There's no cost to being on the internet and putting out things on the internet. Yeah.

Rishi Sharma: [00:09:01] No, I think that's, it's a very valuable, valuable tip to put yourself out there to make sure that you're connecting with people and then serendipity happens. So I think that's

Nik Sharma: [00:09:10] 100%

Rishi Sharma: [00:09:11] great values right there. But was there any resources or anything else beyond, you know, putting content out there that helped you understand things or anything else?

Nik Sharma: [00:09:20] Yeah, I would say there wasn't necessarily like books or blog posts or anything that I read. In fact, I probably, um, maybe one of the most, like. Unread people out there. I have always had this thought that like I would rather go to the source. Yup. And so a lot of times if I, you know, if I wanted to learn about how influencers are doing X, Y, or Z, I would just go to them.

Or if I wanted to learn from some, like whatever I wanted to learn, I would just try and find a source or somebody who's actually doing that and just go ask them questions directly. Rather than reading something that was filtered through somebody else's words.

Rishi Sharma: [00:10:01] Yeah, go to the source of the well of knowledge and get it from them.

That makes perfect sense

Nik Sharma: [00:10:05] actually. And even then, like there was this, almost like there really was no issue at all getting in touch with any of these people because like no one asked them anyways. Yeah. So I was just like, okay, I can just ask these people any kind of questions and yeah. Will all respond.

And

Rishi Sharma: [00:10:21]

the internet, and totally empowers that, especially with like Twitter where you have like direct access. So yeah, that makes perfect sense. And the books that I've read that I've gotten the most value are actually the ones from

Nik Sharma: [00:10:32] the founders themselves,

Rishi Sharma: [00:10:33] people that are actually doing the work. So definitely agree with that for sure.

So I'd like to take it to Sharma brands now. What is it and what are you trying to achieve with this new venture?

Nik Sharma: [00:10:45] So Sharma brands was this idea of. You know, last year I did a lot of work with brands. Basically anything from scaling their growth to helping brands launch, you know, it's Sharma brands. It's basically the operating.

But it's also adding the component of investing in advising. It's essentially what I was doing kind of on my own, but now under a real name. You know, with the hope that in the future we actually develop brands of our own and leverage the team that we have to build them. You know, after both learning how to do it with other brands and also leveraging the resources and capabilities that we have internally.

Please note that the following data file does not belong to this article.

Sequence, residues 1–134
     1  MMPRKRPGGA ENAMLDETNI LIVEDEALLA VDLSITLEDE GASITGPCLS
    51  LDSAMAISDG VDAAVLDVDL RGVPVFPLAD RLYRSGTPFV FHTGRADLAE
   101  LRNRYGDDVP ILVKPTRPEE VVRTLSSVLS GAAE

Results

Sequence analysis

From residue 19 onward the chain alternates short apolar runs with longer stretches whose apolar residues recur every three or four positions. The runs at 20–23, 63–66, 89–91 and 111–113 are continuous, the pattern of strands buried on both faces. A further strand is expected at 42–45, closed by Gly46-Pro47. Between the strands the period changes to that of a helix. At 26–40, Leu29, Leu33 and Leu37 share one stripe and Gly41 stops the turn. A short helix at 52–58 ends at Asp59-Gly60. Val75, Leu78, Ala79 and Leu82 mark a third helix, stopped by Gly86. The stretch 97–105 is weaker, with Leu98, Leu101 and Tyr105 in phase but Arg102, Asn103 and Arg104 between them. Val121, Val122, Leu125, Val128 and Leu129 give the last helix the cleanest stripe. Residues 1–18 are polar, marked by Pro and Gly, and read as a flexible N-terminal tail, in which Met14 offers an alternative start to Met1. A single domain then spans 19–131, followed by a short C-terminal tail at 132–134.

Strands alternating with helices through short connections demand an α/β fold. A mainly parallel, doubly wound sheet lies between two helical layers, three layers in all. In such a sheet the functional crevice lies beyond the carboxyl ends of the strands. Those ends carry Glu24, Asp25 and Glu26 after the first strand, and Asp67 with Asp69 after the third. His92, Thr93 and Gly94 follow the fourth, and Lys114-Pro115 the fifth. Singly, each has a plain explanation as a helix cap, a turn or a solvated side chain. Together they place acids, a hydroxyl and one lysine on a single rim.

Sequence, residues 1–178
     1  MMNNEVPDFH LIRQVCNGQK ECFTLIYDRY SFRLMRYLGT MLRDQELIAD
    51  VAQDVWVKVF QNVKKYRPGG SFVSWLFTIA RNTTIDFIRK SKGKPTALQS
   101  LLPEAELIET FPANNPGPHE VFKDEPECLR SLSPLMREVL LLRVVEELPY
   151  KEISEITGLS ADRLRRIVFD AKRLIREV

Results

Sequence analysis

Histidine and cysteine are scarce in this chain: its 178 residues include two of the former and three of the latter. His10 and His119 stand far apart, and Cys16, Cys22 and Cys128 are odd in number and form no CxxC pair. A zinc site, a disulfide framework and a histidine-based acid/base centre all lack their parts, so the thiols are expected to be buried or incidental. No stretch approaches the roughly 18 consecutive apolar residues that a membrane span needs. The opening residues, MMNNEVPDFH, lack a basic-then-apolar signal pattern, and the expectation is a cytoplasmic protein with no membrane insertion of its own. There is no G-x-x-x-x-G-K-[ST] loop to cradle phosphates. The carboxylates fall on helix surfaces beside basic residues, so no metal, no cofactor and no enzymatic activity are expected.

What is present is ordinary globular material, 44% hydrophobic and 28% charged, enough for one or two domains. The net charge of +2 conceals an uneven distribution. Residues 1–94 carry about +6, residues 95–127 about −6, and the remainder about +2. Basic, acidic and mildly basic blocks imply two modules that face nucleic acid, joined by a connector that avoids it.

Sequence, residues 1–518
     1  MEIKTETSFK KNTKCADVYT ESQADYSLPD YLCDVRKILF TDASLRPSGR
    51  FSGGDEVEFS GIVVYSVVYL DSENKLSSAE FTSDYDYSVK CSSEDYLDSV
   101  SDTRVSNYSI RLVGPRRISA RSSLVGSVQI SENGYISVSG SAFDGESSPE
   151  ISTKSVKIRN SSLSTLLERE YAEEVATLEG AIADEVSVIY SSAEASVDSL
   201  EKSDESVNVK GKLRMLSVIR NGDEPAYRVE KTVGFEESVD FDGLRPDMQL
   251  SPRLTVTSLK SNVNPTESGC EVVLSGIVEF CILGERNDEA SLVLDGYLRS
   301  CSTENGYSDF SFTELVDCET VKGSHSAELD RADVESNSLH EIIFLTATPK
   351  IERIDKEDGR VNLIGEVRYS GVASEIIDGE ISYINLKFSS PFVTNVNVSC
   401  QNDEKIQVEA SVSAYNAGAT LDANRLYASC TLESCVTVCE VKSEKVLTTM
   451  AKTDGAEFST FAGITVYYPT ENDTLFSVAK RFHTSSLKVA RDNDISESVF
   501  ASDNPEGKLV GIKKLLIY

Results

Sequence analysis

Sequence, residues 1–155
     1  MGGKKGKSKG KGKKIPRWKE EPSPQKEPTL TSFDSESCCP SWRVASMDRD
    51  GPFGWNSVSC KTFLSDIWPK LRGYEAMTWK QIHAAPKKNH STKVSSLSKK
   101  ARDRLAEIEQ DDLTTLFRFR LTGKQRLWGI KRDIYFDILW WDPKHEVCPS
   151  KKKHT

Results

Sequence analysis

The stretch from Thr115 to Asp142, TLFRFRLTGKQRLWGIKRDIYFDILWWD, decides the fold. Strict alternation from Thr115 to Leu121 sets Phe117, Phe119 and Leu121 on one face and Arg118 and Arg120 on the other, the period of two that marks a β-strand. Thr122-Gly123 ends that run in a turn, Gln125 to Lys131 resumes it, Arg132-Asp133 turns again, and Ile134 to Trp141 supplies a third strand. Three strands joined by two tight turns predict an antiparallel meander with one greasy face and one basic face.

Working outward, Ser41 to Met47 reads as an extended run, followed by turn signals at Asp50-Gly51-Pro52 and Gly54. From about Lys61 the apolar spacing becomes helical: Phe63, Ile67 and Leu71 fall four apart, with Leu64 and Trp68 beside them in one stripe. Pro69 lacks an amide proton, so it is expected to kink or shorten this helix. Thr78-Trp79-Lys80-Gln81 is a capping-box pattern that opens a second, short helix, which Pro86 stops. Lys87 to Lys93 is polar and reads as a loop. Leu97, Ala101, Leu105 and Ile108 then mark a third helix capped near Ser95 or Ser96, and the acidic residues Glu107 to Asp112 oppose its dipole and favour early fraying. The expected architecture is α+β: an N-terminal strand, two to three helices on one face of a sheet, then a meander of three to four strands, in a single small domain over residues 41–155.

Rishi Sharma: [00:11:26] Thank you. Thank you for going to answer that. So DTC has been in the news a lot recently that the IPO of Casper that just happened this last week. I'd like to just kind of understand what is the DTC brand today at 2020 and you know, what does it mean?

Nik Sharma: [00:11:40] Well, at it's fundamental, it really just means you deliver an experience to the customer directly.

Like if you think about before the Costcos and the Walmarts of the world. Almost everything was, was DTC just without a Shopify presence. Yup. And I think in 2020 I mean fundamentally it means the same thing. I think your question is more so like how do you win in 2020 and I think the answer to that would be, I think the early wave of direct to consumer brands was all about being tactical with media and understanding how to buy media.

The second wave was all around like selling commoditized products with the emphasis of branding and aesthetic and community and events. And this new wave, I think that will really shape 2020 is around products that are actually not only like required or desired, but products that are moats within their product, not necessarily like one of the four cookware brands or one of the five leggings brands.

These would be products that have a specific reason to exist and a specific value prop as to why people would buy it in the first

Rishi Sharma: [00:12:51] place. Thank you for going into it. I'd like to just go a little bit more specific. Is there like a particular brand that you would show as an example to what you just said?

Nik Sharma: [00:12:59] Yeah. I mean, Judy is probably the most relevant example. You know, Judy's biggest competitors today are the red cross and triple A's first day, which don't necessarily include anything for. Really emergencies other than if you fall and cut yourself. Yup. And so the Judy products in itself, it doesn't require, like you don't need community and content and Instagram following to be able to sell the product because the product itself is so good and it's just something that people see and they realize they would need.

Whereas, you know, if you're competing in the commoditized market, whether it's leggings or cookware or. Any of these other direct to consumer brands. You're really just competing against multiple others and you're most per se are, they might have moats in supply chain, but a lot of times they just don't have mode at all.